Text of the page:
These moves are likely to result in sustained increased demand for air travel. Companies are likely to shift spend to internal travel for remote workers. Something that can be offset by reduced rents in expensive geographies. It should also mean lower labor costs as pay begins to reflect that of lower-cost jurisdictions.
What this means for airlines and travel providers
Industry consensus seems to represent a bear case for corporate travel. McKinsey estimated a 20% reduction in corporate travel demand by 2023. A GBTA survey from September indicated that 47% of managers had canceled "most trips".
Despite the current data, I'm bullish on the future of corporate travel. The pandemic has induced structural changes to how humans work. Business travel will come back - it will just be in different geographies and benefit different airline operating models.
US airlines are likely to see improvements to both volume and yields on regional routes. Spurred by shorter and more frequent trips from new home cities to headquarters. Mid-sized cities like Charlotte and Denver are already well positioned to accommodate increased local traffic. They are home to large connecting hubs but as higher-margin local traffic increases, connecting traffic can be shifted elsewhere in the system. This shift will be accelerated by more efficient regional aircraft which are the lowest hanging fruit for hydrogen, hybrid and electric solutions.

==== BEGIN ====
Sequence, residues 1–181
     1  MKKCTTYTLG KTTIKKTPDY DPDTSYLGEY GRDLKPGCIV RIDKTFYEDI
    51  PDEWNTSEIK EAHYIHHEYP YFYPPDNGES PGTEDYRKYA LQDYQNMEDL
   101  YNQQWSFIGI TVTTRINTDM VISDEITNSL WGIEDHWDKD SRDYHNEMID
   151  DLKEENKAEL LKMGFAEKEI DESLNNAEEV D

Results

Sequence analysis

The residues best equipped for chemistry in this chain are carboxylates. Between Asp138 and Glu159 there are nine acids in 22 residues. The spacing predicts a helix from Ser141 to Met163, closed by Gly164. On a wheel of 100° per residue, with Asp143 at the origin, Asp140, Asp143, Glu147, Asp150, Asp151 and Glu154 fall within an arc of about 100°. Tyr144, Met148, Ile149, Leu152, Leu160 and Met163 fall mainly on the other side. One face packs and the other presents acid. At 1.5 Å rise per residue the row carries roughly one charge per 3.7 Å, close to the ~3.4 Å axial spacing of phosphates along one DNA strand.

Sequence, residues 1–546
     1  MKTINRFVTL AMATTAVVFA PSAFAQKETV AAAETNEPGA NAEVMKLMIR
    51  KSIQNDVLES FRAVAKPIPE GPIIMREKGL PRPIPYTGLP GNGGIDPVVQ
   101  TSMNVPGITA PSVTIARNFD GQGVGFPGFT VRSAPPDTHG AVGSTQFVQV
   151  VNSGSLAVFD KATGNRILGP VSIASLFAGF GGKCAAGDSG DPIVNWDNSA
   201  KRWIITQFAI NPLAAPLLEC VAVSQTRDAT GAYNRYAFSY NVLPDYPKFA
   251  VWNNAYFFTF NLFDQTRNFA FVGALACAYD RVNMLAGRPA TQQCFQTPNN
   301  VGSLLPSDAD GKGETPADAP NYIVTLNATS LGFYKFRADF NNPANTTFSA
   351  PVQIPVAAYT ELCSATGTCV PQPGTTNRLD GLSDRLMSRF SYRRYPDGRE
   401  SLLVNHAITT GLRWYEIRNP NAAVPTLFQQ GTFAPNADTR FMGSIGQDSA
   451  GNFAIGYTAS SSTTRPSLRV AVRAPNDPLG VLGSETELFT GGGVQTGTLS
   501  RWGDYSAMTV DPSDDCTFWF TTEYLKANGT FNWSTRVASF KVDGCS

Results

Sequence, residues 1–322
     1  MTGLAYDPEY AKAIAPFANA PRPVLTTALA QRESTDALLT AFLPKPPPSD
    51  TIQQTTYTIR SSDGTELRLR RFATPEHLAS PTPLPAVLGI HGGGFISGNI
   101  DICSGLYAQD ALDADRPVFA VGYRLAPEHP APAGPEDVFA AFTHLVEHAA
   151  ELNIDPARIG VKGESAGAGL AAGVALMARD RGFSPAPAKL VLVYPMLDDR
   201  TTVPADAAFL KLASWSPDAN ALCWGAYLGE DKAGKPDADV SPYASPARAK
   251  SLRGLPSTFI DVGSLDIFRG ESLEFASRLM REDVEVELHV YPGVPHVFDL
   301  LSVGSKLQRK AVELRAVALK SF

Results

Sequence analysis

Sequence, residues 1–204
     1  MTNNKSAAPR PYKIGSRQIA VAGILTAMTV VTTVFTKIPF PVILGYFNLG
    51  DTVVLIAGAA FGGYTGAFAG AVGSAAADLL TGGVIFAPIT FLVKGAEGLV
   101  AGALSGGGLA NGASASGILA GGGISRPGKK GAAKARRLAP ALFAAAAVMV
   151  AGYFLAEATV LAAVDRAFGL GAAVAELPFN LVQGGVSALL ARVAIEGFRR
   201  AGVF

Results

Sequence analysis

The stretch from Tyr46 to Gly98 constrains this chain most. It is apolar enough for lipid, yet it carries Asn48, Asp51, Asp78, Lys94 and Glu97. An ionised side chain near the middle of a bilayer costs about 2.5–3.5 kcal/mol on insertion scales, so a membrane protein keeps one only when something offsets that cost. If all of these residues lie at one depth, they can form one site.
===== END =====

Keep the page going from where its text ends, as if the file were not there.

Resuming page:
As for long haul travel, the jury is still out. Structural changes to where people live will benefit secondary long-haul markets - like Air France’s Denver to Paris or Turkish’s Dallas to Istanbul routes. Though, the underlying reasons for travel have changed less for long-haul than regional travel. Long haul has always had a higher bar because of its expense and time requirements. As nations ease their entry and exit restrictions, the demand base will likely return to near pre-pandemic levels. This return of transoceanic capacity could be accelerated because of ever-worsening supply chain congestion and increasing demand for belly cargo.
Demand for travel has historically outpaced analyst expectations. We should expect the same trend on the return of corporate travel. If only one thing is certain - the post-pandemic world will not look the same as it did before.